I have been saying for some time (and I didn’t think of it first) that as the hot air goes out of the AGW balloon the believers will find another reason to tell us that we should continue with carbon taxes and subsidising renewables like wind and solar. ‘Energy security’ I offered as the new deal, or something like that.
Well, the most senior ‘climate change’ official in the European Union, Connie Hedegaard, has done just that. Connie is Danish, and she gave an interview to The (London) Telegraph, in which she responded to a question about the possibly declining role of carbon dioxide in ‘climate change’ with the following rejoinder:
I personally have a very pragmatic view. Say that 30 years from now, science came back and said, ‘wow, we were mistaken then — now we have some new information so we think it is something else’. In a world with nine billion people, even 10 billion at the middle of this century, where literally billions of global citizens will still have to get out of poverty and enter the consuming middle classes, don’t you think that anyway it makes a lot of sense to get more energy and resource efficient? Let’s say that science, some decades from now, said ‘we were wrong, it was not about climate’, would it not in any case have been good to do many of things you have to do in order to combat climate change?
She went to argue that people shouldn’t complain about rising energy prices, because increasing demand for a finite supply will mean that prices will have to rise anyway, even if there were no subsidies. ‘I think we have to realise that in the world of the 21st century for us to have the cheapest possible energy is not the answer’, she said.
The Telegraph undoubtedly sought her opinion because the coming IPCC Report on climate enters a world in which Australia and Norway have elected conservative governments opposed to carbon taxes, while the Germans are going to the polls at the weekend, and Germany is the heartland of environmentalism in Europe. EU policymakers are understandably concerned that another right-wing victory will make it very difficult for the EU to justify its ‘climate change’ policies.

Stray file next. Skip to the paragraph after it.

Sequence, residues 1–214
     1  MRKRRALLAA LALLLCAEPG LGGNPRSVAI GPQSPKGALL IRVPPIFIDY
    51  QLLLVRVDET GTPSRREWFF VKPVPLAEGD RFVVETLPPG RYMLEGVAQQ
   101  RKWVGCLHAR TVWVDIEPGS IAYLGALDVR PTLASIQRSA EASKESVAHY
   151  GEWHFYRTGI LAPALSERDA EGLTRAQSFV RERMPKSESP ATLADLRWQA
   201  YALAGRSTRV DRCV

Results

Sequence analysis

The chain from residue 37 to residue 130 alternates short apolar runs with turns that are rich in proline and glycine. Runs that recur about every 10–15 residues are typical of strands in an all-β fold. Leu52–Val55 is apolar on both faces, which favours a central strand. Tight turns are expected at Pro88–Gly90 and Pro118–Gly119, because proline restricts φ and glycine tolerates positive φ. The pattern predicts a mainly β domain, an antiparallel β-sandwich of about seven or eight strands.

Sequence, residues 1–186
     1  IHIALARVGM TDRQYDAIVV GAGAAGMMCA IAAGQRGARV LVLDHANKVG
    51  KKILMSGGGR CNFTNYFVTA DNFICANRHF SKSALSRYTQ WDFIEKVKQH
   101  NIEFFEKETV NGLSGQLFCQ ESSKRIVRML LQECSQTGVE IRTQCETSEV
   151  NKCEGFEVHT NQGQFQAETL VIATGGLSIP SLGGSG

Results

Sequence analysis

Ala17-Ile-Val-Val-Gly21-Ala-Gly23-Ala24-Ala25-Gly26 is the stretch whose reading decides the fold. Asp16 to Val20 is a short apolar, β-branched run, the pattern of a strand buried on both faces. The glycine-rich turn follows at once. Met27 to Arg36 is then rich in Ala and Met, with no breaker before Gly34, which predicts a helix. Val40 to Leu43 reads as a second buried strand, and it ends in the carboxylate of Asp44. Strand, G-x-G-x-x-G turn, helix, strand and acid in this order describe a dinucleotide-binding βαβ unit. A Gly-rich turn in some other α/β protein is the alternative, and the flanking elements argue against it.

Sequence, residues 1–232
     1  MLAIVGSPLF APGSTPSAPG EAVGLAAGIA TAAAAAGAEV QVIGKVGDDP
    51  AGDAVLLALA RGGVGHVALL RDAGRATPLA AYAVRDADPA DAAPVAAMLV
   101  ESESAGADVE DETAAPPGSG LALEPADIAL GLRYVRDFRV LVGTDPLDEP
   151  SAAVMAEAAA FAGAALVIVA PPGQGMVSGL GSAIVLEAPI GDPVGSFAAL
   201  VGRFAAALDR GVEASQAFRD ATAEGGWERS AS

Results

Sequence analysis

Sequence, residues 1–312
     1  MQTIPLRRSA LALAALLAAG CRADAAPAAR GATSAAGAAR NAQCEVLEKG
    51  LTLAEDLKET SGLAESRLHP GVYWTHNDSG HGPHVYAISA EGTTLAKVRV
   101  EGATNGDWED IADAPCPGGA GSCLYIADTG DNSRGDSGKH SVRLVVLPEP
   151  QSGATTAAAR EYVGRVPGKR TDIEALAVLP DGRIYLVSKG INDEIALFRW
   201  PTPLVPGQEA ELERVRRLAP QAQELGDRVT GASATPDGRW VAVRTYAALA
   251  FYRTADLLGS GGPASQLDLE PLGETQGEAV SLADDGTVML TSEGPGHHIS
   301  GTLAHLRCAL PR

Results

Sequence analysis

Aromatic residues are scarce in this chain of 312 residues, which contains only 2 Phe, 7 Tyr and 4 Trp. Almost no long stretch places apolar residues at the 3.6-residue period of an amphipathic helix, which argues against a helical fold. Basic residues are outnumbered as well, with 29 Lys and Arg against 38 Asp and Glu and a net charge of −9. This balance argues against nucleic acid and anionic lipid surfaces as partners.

Connie Hedegaard, still only 53, is a most unusual politician, who got into politics as a student leader, before entering the Danish Parliament (as a Conservative) at the age of 23, the youngest ever elected in that nation. She left parliamentary politics to become a senior journalist and television personality, re-entered politics and became a Minister in the Danish Government, and got the responsibility for setting up the Copenhagen Conference that was the high point of the AGW scare. The next year she moved to Brussels to be the EU’s first Climate Change Commissioner, and she’s still there. She’s a believer.
Bjorn Lomborg, another Dane, and a long-time critic of the EU’s ‘climate change’ policies, was not impressed with what she said, calling her ‘callous and wrong”.
EU climate policies have directly increased energy costs and caused more energy poverty — 300,000 households in Germany lost their power last year because they couldn’t pay the bills, and millions are energy poor in the UK. EU climate policies will cost £174 billion annually by 2020, [but] the EU commissioner seems to suggest wasting £174 billion is no problem. To the extent the EU climate policies have affected the world, [they have] made energy more costly, reduced growth and consigned more people to poverty.
I think he’s right, but my complaints are more basic. What Mrs Hedegaard says, in effect, is that the end justifies the means. I don’t agree with that, at all. If energy efficiency is important, then let’s argue about it and, if that is the outcome, go down the energy-efficiency path. But let’s not do it by scaring the wits out of people and telling them that the ‘science’ is right (or that a few scientists are 95 per cent confident that it’s right), and that we’re all doomed unless we cut emissions. Her argument is intellectually bankrupt.
My second complaint is that built into what she says is the notion that our children and grandchildren will not be more knowledgable than us, and that their technology will not be superior to ours. That seems to me extraordinarily pretentious, as well as most unlikely. In any case, why do we need Connie to tell us what to do? If energy efficiency is what we’re after, what’s wrong with markets sending price signals to us, and our responding accordingly?
If oil gets to be very expensive, we’ll shift to smaller, lighter cars, go from being a two-car family to having only one, walk more, use public transport, cycle. No one will have to advise us — we’ll do it because it’s cheaper. And clever people will make car engines even more efficient. As I understand it, the future for transport is extraordinarily rich with possibilities.
I know, I’m an optimist. I grew up with the EU. It started as an attempt after the second world war to make sure there wouldn’t be another war, at least in Europe. So came the European Coal and Steel Community, then the EEC, now the EU and the European Parliament, and Connie. There’s a lot of good in the pulling together of the European countries, a process that has been going on for three hundred years.
But I’m not sure that it benefits from Connie, or from arguments as empty as hers.